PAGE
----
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From Wikipedia, the free encyclopedia

Wilbur Wood
Wilbur Wood White Sox.jpg
Born: (1941-10-22) October 22, 1941 (age 79)
Cambridge, Massachusetts
Batted: Right Threw: Left
MLB debut
June 30, 1961, for the Boston Red Sox
Last MLB appearance
August 28, 1978, for the Chicago White Sox
MLB statistics
Win–loss record164–156
Earned run average3.24
Career highlights and awards

Wilbur Forrester Wood Jr. (born October 22, 1941) is an American former professional baseball player. He was a pitcher in Major League Baseball for seventeen years and racked up 164 wins. All but one of those wins came with the Chicago White Sox.[1] A knuckleball specialist, he threw left-handed and batted right-handed, stood 6 feet (1.8 m) tall and was listed at 180 pounds (82 kg). He was born in Cambridge, Massachusetts.

Career overview

In 1960, Wood was signed out of Belmont High School by the Boston Red Sox.[1] He pitched on-and-off for them for a few seasons before being traded to the Pittsburgh Pirates in late September 1964. After two seasons with Pittsburgh, he was traded to the White Sox after the 1966 season.[2] When he arrived, knuckleball specialist Hoyt Wilhelm advised him to use his knuckleball exclusively. Taking Wilhelm's advice, Wood's career took off, first as a relief pitcher, and then as a starting pitcher. With the White Sox, Wood became well known as a durable workhorse, and one of the last pitchers to consistently throw well over 300 innings in a season.

As a relief pitcher in 1968, Wood set the major league record (since broken) of 88 games pitched in a season. He converted to a starting pitcher in 1971, and continued to display unusual durability. During the years 1971–74, Wood averaged 45 games started and 347 innings pitched, winning a total of 90 games, while losing 69.[1] He led the American League in games started in each year from 1972 through 1975, and he was the league leader in both wins and innings pitched in 1972 and 1973.[3][4][5][6] Wood finished second in the 1972 voting for the American League Cy Young Award, losing a close vote to Gaylord Perry.[7]

Wood's resilience, which was attributed to the less stressful nature of the knuckleball delivery, led to some unusual feats of endurance. On May 28, 1973, while pitching for the White Sox against the Cleveland Indians, Wood pitched the remainder of a 21-inning carryover game that had been suspended two nights earlier, allowing only two hits in five innings to earn the victory. He then started the regularly scheduled game and pitched a four-hit complete game shutout, earning two wins in the same night. Later that season, on July 20, Wood started both ends of a doubleheader, making him the last pitcher to do so.[8] He lost both of those games.[9] The knuckleball is also difficult to control, and in 1977, Wood tied a record by hitting three consecutive batters in the first inning.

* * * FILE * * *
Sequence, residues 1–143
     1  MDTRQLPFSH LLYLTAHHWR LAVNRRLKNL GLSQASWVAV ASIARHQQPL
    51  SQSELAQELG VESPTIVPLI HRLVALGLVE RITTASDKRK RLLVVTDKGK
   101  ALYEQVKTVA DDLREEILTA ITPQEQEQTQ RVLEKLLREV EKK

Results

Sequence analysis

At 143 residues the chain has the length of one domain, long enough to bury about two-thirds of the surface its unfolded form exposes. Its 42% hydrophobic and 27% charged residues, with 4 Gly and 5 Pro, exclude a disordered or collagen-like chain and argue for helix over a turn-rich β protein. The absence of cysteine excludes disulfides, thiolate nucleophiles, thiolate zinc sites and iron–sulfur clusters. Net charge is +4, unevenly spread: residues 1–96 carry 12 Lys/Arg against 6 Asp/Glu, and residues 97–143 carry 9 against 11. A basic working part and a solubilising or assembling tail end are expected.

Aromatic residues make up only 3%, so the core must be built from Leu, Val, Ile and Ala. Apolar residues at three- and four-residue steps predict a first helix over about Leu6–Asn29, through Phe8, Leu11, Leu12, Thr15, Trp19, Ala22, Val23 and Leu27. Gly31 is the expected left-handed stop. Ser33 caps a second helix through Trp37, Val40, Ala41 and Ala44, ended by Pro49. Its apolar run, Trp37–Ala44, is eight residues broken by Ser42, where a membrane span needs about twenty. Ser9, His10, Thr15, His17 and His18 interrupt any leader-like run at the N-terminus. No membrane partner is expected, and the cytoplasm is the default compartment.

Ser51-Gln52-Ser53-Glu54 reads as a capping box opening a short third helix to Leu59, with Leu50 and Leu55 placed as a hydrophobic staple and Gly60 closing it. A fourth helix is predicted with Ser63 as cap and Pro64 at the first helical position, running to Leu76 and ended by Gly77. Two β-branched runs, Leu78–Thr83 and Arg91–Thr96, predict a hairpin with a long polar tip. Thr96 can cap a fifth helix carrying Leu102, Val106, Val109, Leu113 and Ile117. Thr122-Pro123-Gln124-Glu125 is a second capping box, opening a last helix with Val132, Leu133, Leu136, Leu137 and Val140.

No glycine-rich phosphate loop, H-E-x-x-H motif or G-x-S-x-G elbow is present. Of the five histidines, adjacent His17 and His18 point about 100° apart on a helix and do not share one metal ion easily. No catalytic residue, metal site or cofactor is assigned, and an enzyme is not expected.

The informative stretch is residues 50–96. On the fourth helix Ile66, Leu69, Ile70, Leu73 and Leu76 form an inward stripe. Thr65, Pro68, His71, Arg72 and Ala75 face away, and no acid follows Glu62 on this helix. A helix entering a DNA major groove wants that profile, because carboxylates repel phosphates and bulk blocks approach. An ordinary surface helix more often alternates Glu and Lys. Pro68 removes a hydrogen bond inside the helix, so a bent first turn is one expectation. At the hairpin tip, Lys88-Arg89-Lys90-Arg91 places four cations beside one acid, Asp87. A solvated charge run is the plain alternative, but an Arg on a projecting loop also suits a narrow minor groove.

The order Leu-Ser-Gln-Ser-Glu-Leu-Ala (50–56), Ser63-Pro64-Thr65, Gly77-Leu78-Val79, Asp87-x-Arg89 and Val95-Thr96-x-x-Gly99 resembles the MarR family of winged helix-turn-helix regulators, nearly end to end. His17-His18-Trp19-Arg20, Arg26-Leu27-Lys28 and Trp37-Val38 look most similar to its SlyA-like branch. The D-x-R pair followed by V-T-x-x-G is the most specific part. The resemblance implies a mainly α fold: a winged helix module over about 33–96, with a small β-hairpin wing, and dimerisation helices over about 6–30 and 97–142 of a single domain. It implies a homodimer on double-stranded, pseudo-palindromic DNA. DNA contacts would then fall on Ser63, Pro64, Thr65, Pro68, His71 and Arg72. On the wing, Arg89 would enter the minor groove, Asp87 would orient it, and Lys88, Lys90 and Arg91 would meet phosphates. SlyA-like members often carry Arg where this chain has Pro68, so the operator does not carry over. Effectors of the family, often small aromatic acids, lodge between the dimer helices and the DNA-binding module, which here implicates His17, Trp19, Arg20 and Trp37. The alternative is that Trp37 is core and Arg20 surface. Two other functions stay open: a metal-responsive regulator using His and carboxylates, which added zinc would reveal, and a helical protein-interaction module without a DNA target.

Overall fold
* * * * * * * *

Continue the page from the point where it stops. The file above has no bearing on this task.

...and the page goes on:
Wood's 1976 campaign was cut short on May 9 when a line-drive single hit by Ron LeFlore fractured his left kneecap in the sixth inning of a 4–2 White Sox victory over the Detroit Tigers at Tiger Stadium.[10] He had surgery the next day, but the outlook was bleak. Many predicted that he would never pitch again, but after considerable rehabilitation, he did some pitching for two more seasons with the White Sox. However, he showed few signs of his former mastery. He retired in 1978, moving back to his native New England.

Career statistics

In a seventeen-year major league career, Wood compiled a 164–156 record with a 3.24 ERA in 661 games played.[1] He had 1,411 strikeouts in 2,684 innings pitched. He compiled 24 shutouts and 114 complete games in 297 games started.[1] He was also the last pitcher in American League history to win and lose 20 or more games in the same season (24-20 in 1973).

Wood was a below average hitting pitcher. He posted a .084 batting average (27-for-322) with only two extra-base hits (both doubles) and just 13 RBI. He was better than average defensively, recording a .977 fielding percentage which was 26 points higher than the league average at his position.[1]


See also


  1. ^ a b c d e f "Wilbur Wood statistics". Baseball Reference. Retrieved 1 January 2015.
  2. ^ Pirates peddle Wood to Sox
  3. ^ "1972 American League Pitching Leaders". Baseball Reference. Retrieved 1 January 2015.
  4. ^ "1973 American League Pitching Leaders". Baseball Reference. Retrieved 1 January 2015.
  5. ^ "1974 American League Pitching Leaders". Baseball Reference. Retrieved 1 January 2015.
  6. ^ "1975 American League Pitching Leaders". Baseball Reference. Retrieved 1 January 2015.
  7. ^ "1972 American League Cy Young voting". Baseball Reference. Retrieved 1 January 2015.
  8. ^ Great Baseball Feats, Facts and Figures, 2008 Edition, p. 136, David Nemec and Scott Flatow, A Signet Book, Penguin Group, New York, ISBN 978-0-451-22363-0
  9. ^ Preston, JG. "A thorough account of pitchers who have started both games of a doubleheader in the major leagues". Retrieved 30 January 2017.
  10. ^ Rogers, Thomas. "Wilbur Wood Out for Year With Broken Knee," The New York Times, Monday, May 10, 1976. Retrieved July 27, 2018

External links

This page was last edited on 31 October 2020, at 06:11
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